Ii General setting

ii.1 The model

In the following we extend (2) to contain a complex scalar field. The action then reads

(3)

where denotes a complex scalar field. We work in the signature. As we mention above and are the dimensionful parameters controlling the standard and nonminimal couplings. The potential contains the mass term and, eventually, a self-interaction to be specified below.
To embed this model in the context of the STT we are considering here, it is necessary to go beyond the original Horndeski theory and to consider its biscalar extension. Indeed, as we know, a system composed by a complex scalar field can be treated as a system composed by two real scalar fields. Extensions of Galileon theory or Horndeski gravity for the case in which two scalar fields degrees of freedom are considered have already been constructed in Padilla:2012dx (); Ohashi:2015fma (); Kobayashi:2013ina (); Padilla:2010ir (); Padilla:2010de (). We observe that in the biscalar extension also appears the nonminimal kinetic sector described above in (1) and that our model can be supported by that kind of Lagrangians. Construction of relativistic stars on these kinds of models have been considered in Osilva (). We point out that these kinds of theories have been recently considered in cosmology Cognola (); Saridakis:2016ahq (); Saridakis:2016mjd () where the authors have studied theories beyond Horndeski (higher order terms) imposing conformal invariance, thus arriving to a healthy ghost-free biscalar tensor theory.

ii.2 The Ansatz

Due to the complexity of the equations, we limit ourselves to stationary nonspinning solutions. For this purpose we use a spherically symmetric ansatz for the metric and specify the radial variable through the isotropic coordinates

(4)

The scalar field is given by

(5)

where the constant supports the dimension of the scalar field and the frequency encodes the harmonic dependence of the solution. The harmonic ansatz is used in order to circumvent Derrick’s theorem Derrick (), which states that time-independent localized solutions of nonlinear wave equations in spacetime with three or more space dimensions are unstable. For this precise form of the scalar field we obtain that the contribution of the scalar field in the equations of motion remains static, even if the scalar field degree of freedom is no longer static, not sharing in this way the same symmetries than the spacetime. The coupled system of nonlinear equations then reads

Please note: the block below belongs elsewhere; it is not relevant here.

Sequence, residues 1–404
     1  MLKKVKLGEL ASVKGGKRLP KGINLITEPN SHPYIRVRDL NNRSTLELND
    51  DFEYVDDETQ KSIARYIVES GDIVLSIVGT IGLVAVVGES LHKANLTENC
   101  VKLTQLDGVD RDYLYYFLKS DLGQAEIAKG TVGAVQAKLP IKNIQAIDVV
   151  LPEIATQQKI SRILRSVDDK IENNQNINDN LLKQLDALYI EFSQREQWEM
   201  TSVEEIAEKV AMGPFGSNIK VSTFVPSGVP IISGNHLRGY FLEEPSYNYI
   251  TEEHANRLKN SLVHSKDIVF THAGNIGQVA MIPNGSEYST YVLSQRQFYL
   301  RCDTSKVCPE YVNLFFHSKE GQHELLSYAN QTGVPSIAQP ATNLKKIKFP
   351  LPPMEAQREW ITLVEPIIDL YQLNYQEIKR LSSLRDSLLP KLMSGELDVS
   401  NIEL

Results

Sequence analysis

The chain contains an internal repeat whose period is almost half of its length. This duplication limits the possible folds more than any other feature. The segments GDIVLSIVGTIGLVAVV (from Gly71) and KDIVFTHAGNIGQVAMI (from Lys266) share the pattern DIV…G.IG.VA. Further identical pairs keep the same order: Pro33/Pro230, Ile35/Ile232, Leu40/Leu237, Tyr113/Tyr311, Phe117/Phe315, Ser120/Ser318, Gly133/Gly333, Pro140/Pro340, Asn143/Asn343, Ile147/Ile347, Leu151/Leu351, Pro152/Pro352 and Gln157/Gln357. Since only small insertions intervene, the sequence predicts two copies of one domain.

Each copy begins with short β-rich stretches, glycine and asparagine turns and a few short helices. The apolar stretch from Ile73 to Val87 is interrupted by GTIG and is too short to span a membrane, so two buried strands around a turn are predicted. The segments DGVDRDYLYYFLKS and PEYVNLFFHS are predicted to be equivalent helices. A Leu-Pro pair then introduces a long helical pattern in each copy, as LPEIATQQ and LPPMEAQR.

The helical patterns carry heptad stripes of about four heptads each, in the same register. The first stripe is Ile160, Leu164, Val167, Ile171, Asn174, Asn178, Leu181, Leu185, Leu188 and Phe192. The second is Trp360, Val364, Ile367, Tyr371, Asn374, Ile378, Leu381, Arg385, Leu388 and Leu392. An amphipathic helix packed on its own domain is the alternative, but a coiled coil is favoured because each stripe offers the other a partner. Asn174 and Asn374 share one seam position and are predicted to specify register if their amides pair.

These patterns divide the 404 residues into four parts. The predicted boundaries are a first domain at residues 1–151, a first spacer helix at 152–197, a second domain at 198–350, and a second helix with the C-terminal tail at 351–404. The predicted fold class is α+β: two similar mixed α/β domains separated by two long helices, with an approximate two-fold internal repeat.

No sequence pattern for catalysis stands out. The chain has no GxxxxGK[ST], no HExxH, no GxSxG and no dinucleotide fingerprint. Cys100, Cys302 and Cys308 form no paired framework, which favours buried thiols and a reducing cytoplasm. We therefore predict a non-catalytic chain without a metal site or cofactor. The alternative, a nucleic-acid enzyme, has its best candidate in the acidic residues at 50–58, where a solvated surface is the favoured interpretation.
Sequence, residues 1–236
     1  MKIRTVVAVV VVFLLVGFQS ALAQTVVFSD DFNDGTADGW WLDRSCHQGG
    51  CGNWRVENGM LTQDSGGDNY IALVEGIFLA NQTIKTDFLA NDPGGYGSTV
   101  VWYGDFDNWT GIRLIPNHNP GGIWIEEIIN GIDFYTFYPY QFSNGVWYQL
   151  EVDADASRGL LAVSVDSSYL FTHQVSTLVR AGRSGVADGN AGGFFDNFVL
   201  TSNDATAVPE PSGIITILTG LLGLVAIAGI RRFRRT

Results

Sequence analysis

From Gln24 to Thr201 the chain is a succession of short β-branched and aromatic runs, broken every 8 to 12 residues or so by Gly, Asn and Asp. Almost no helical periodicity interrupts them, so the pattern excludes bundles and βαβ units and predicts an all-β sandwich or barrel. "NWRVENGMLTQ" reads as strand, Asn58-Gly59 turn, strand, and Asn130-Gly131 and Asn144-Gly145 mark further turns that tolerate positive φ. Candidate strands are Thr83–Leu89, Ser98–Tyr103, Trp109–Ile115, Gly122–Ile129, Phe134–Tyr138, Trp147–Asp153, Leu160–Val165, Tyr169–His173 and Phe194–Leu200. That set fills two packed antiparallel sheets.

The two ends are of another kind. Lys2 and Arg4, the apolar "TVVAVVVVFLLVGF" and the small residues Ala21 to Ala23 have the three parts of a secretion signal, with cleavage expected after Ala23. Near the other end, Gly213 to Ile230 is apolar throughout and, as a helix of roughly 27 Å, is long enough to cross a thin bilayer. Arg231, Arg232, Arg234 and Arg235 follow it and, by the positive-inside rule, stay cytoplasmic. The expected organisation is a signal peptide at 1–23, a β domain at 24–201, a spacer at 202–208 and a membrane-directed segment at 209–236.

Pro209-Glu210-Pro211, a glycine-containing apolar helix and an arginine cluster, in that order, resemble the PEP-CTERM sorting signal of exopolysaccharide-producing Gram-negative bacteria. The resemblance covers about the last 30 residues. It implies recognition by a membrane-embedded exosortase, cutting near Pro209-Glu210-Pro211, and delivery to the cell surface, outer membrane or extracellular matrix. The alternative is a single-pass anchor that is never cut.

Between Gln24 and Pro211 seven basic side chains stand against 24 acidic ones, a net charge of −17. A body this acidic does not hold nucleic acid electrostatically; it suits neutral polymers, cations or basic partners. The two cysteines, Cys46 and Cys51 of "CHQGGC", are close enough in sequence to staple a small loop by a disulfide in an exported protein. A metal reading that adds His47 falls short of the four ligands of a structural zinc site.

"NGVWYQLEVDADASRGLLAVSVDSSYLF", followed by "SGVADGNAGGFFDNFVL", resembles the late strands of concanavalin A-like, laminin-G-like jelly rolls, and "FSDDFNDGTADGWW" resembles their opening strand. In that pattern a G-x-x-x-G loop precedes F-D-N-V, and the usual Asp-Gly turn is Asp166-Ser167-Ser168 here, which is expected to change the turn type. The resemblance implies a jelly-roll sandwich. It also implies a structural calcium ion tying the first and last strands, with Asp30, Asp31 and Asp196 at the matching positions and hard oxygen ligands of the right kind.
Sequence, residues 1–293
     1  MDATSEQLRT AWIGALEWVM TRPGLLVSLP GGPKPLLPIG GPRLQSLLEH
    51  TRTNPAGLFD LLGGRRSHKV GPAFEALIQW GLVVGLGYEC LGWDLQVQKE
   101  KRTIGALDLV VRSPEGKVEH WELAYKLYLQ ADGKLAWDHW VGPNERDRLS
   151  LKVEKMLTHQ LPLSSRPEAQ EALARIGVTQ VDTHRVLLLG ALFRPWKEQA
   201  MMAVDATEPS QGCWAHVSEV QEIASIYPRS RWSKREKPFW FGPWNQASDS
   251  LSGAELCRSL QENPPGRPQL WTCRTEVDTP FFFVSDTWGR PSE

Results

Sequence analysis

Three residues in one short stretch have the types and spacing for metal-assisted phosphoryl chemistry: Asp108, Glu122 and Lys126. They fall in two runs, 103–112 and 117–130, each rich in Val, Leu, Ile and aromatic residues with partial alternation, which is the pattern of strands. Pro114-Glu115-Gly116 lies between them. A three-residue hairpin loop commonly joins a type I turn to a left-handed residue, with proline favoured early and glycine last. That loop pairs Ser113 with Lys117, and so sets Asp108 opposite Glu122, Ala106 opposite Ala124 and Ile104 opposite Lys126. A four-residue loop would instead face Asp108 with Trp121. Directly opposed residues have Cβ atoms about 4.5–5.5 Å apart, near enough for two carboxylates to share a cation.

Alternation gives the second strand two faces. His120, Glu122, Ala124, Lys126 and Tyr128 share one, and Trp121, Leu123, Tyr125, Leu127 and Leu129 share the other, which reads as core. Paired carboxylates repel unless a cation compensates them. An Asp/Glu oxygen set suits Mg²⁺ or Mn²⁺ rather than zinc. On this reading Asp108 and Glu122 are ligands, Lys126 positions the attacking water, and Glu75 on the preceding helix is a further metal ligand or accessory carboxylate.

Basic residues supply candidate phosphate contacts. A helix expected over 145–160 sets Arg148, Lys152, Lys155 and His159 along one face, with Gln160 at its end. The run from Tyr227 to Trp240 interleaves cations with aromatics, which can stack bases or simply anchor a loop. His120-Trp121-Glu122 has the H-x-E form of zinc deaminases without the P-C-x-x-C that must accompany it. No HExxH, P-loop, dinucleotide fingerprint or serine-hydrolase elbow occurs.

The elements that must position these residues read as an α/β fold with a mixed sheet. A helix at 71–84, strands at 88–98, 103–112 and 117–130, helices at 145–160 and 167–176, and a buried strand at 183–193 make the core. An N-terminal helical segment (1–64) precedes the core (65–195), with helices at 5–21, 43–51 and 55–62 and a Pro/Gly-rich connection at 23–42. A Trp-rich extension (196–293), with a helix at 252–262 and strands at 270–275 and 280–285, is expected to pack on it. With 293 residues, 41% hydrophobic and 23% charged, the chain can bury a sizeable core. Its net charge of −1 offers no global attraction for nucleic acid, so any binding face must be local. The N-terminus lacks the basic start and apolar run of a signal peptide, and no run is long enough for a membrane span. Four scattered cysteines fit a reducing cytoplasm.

(6)

where the prime denotes the derivative with respect to . Here, are polynomials given in term of the metric functions, the scalar field and their first derivatives respectively. The coefficients depends on the fields in the same way as the polynomials . They are given in the Appendix.

In the case of a minimal coupling, i.e. for , the matrix is diagonal and positive definite. Nevertheless, for , this matrix becomes nondiagonal and the determinant plays a fundamental role in the existence of solutions. When this determinant presents zeros the corresponding system is singular and no regular solution can be found. We see that this affects significantly the pattern of solutions.

ii.3 Boundary conditions

For the construction of BSs, the system has to be solved with the following boundary conditions:

(7)

Here represents the central value of the scalar field. On the one hand, the conditions at are necessary for soliton solutions to be regular at the origin. On the other hand the conditions at ensure localized and asymptotically flat solutions. To find solutions respecting these conditions on and , the eigenvalue has to be fine-tuned for a given central value, , of the scalar function . This leads, in general, to a relation of the form . In principle, the equations can be solved by a shooting technique; we used instead the routine Colsys colsys () based on the Newton-Raphson algorithm.

ii.4 Rescaling

For the numerical study of our system (6), it is convenient to perform suitable rescalings of the parameters leading to dimensionless quantities. For this purpose, we define the dimensionless variable and parameters by means of

(8)

where denotes the mass of the scalar field. One reason for including the parameter is to allow -if they would exist- exotic solutions corresponding to and . Since we failed to construct such solutions in the model under consideration, we set, without losing generality, throughout the paper.

ii.5 Physical Quantities

The solutions can be characterized by several quantities. The global symmetry of the action under phase change of the scalar field leads to a conserved current and conserved charge :

(9)